‘A vital element in keeping the peace is our military establishment. Our arms must be mighty, ready for instant action, so that no potential aggressor may be tempted to risk his own destruction. We have been compelled to create a permanent armaments industry of vast proportions. We annually spend on military security more than the net income of all United States corporations. This conjunction of an immense military establishment and a large arms industry is new in the American experience. The total influence - economic, political, even spiritual - is felt in every city, every State house, every office of the Federal government. In the councils of government, we must guard against the acquisition of unwarranted influence, whether sought or unsought, by the military-industrial complex.’
(retiring speech by US president Dwight D Eisenhower, 1961)
The military-industrial-scientific complex of organisations is perhaps the most potent force supporting the institution of war. It can itself be seen as an institution. Of special interest are the psychological processes by which those who have roles in the military-industrial-scientific complex disengage themselves from the moral implications of their actions. In many countries, the military can claim a defensive or peacekeeping role. Some military industrialists and scientists can claim to be working in the cause of peace, though such an excuse covers only part of their activities. But the arms dealers can have no such justification for their actions.
Arms research and production are expensive enterprises, and the governments of arms-producing nations encourage their firms to sell abroad. The resulting arms trade facilitates war, the availability of weapons increasing the probability of violence. And war facilitates the arms trade. The assumption by the defence community that war is an ineradicable characteristic of human societies itself helps to perpetuate the institution of war.
In practice scientists and engineers play an essential role in the arms industry. Indeed, it can be argued that scientists, in improving old weapons and inventing new ones, drive competition in military hardware between rival states, as during the Cold War. Scientists can no longer claim that their work has nothing to do with politics.
‘It is my judgement that when you see something that is technically sweet you go ahead and do it and argue about what to do with it after you have had your technical success. That is the way it was with the atomic bomb.’
(nuclear physicist J Robert Oppenheimer, director of the atomic bomb project 1943-5)
‘In the past, scientists could disclaim direct responsibility for the use to which mankind has put their disinterested discoveries. Science has often been able to provide new methods and protection against new weapons of aggression it made possible, but it cannot offer such protection against the destructive use of nuclear power. Among all the arguments calling for an efficient international organisation for peace, the existence of nuclear weapons is the most compelling one.’
(from the ‘Franck Report’ of 7 nuclear scientists, June 1945)
No war has a single cause. Every war depends on multiple interacting causes, but one factor is essential - the availability of weapons. Weapons, once possessed, have a way of being used.
The general abhorrence of nuclear weapons following their use on Japan in 1945 resulted in a strong desire, expressed both in public opinion and in the United Nations, to abolish nuclear weapons. This led to a number of treaties, including the Non-Proliferation Treaty signed in 1968. In 1995 the NPT was extended indefinitely. By 2003 it had an almost universal membership, with the notable absence of three nuclear weapon states (India, Pakistan and North Korea). Under its terms, the 182 non-nuclear countries have undertaken not to acquire nuclear weapons, and the five overt nuclear states have undertaken to get rid of theirs.
But the imminent danger of a nuclear holocaust is on the rise again. To a large extent this is a result of the policies of the USA. In a reversal of the previous doctrine (nuclear weapons as weapons of last resort), the new Nuclear Posture review spells out a strategy that incorporates nuclear capability into conventional war planning. The Comprehensive Test Ban Treaty of 1997 had been signed by 165 states by May 2003, but it is unlikely that the USA will ratify it. Indeed, with the decision to start the development of a new type of nuclear warhead, it is very likely that the USA will resume nuclear testing.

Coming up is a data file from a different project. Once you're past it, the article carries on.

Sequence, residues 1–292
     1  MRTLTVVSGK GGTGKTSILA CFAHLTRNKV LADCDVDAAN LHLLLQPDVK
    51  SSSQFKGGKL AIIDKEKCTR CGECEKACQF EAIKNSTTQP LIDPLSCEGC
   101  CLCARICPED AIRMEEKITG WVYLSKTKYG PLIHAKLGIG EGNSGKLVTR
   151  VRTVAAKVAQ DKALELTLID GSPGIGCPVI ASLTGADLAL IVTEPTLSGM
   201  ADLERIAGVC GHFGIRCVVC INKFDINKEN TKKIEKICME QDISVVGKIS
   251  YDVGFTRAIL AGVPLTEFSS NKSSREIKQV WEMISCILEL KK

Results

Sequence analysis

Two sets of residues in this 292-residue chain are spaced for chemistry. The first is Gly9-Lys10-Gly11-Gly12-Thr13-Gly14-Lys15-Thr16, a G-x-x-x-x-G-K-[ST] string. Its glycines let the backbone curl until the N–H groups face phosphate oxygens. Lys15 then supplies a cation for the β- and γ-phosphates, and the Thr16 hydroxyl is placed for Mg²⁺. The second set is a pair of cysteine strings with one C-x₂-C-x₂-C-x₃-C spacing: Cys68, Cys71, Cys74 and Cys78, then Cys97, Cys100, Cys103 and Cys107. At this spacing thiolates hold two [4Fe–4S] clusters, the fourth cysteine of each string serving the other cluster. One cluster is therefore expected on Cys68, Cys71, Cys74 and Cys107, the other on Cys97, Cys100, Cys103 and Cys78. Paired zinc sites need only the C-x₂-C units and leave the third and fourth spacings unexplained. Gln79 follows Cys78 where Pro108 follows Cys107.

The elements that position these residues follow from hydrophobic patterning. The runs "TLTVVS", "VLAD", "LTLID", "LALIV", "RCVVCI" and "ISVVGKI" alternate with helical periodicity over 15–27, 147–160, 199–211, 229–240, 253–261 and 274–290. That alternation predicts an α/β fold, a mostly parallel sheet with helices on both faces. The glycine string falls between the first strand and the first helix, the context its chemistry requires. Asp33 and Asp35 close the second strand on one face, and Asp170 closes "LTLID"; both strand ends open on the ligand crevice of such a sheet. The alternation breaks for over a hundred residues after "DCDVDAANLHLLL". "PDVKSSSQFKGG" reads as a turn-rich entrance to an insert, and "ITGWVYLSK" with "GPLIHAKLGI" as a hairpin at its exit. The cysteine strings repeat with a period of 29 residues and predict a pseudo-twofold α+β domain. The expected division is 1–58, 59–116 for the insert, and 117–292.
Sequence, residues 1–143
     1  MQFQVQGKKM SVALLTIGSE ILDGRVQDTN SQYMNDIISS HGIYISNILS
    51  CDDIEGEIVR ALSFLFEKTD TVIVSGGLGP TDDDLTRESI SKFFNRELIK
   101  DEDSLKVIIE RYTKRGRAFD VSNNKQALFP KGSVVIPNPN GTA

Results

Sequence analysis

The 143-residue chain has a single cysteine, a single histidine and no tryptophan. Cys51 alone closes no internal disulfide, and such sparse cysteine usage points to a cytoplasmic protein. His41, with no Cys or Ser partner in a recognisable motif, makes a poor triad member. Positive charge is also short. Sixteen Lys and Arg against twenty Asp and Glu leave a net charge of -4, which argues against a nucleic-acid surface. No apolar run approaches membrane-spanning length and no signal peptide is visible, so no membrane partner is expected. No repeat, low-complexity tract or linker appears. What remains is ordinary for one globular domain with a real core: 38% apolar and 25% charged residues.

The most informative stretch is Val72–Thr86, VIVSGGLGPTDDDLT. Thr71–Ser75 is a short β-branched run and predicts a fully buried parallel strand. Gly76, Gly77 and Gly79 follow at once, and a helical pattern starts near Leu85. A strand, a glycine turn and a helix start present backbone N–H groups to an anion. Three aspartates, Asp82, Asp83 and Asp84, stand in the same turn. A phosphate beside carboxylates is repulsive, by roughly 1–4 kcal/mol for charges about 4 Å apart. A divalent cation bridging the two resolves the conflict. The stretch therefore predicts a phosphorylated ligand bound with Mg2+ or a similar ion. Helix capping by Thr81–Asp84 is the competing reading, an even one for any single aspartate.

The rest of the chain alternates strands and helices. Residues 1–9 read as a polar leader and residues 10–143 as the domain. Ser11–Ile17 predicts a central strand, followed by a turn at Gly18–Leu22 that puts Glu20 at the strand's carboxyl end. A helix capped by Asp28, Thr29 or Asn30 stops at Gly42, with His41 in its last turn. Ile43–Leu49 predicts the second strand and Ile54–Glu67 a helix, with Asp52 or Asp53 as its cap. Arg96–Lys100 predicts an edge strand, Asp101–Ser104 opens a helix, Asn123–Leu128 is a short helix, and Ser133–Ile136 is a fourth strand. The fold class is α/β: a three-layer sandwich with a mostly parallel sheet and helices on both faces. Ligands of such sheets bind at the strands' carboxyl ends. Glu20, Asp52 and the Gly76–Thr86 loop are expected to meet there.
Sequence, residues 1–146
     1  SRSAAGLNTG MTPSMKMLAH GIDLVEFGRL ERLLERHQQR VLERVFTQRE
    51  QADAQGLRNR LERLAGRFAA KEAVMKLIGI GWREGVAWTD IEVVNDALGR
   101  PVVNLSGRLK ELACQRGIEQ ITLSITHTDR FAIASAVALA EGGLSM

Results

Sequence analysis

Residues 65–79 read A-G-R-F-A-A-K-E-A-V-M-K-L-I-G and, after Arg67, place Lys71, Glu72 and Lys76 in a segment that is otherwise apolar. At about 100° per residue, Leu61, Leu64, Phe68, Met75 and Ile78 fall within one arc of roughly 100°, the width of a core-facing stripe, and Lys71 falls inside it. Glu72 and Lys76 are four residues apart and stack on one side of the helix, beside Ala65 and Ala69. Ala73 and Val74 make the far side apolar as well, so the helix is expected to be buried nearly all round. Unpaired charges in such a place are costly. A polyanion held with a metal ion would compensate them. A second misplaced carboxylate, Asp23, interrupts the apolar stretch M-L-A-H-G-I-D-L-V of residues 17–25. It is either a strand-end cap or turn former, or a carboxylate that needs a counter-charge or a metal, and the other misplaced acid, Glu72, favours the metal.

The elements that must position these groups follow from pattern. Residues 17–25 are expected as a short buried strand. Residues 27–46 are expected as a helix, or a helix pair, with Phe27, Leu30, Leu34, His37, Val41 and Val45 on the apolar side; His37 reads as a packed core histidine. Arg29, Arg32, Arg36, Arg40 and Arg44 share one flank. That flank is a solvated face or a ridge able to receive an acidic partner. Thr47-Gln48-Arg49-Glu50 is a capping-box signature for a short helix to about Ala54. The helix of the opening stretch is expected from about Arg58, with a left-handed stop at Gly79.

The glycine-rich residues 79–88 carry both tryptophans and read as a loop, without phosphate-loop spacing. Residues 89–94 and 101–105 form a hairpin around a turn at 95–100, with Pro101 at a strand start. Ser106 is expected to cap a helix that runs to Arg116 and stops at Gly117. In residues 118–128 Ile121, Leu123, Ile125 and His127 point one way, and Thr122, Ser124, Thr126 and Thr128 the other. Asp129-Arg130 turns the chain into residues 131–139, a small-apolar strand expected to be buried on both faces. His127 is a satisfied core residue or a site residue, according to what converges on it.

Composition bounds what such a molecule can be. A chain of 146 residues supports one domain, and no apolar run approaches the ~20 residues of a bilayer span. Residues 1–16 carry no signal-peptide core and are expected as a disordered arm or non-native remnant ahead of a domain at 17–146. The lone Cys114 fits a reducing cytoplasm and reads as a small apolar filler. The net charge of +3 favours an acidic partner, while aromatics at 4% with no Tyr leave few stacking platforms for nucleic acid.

In 1957, a group of scientists met in the Canadian village of Pugwash for the first of the ‘Pugwash Conferences’, an organisation of world scientists and scholars concerned with reducing the danger of armed conflict and seeking co-operative solutions to global problems. As soon as the Cold War was over, Pugwash launched its project towards a nuclear-weapons-free world (NWFW). One direct outcome was the Australian government’s Canberra Commission. The Commission’s Report (1996) was a lucid, eloquent, reasoned elucidation of the dangers arising from the existence of nuclear weapons and the need to get rid of them. ‘The possession of nuclear weapons by any state is a constant stimulus to other states to acquire them.’
The elimination of nuclear weapons is necessary to prevent an immediate danger, but in the long term it will not be sufficient to ensure the security of the human race. Moreover, future advances in science may result in the invention of new means of mass destruction, perhaps even more powerful, perhaps more readily available.
For the concept of a war-free world to become universally accepted, and for war to be made illegal, a process of education will be required: education for peace, education for world citizenship. We have to eradicate the idea that war is an inherent part of human society. We have to change the mind-set that seeks security for one’s own nation in terms that spell insecurity to others. This will require efforts in two directions: a new approach to security, in terms of global security; and developing and nurturing a new loyalty - a loyalty to humankind.
‘If the atomic bomb was merely another (though more devastating) military weapon to be assimilated into our pattern of international relations, it would be one thing. We could then follow the old custom of secrecy, nationalistic military superiority relying on international caution to proscribe the use of the weapon, as we did with gas. But I think the bomb instead constitutes merely a first step in a new control by man over the forces of nature, too revolutionary and dangerous to fit into the old concepts. I think it really caps the race between man’s growing technical power for destructiveness and his psychological power of self-control and group control - his moral power.’
(War secretary Henry L Stimson in a memorandum to US president Harry S Truman, September 11 1945)
MAIN TEXT: adapted extracts from ‘WAR NO MORE’, by Robert Hinde and Joseph Rotblat, Pluto Press 2003. This paperback is an excellent handbook for campaigners. It deals not only with the threat from WMD but also identifies a wide range of causes of conflict and tackles the question ‘what should be done to eliminate war?’.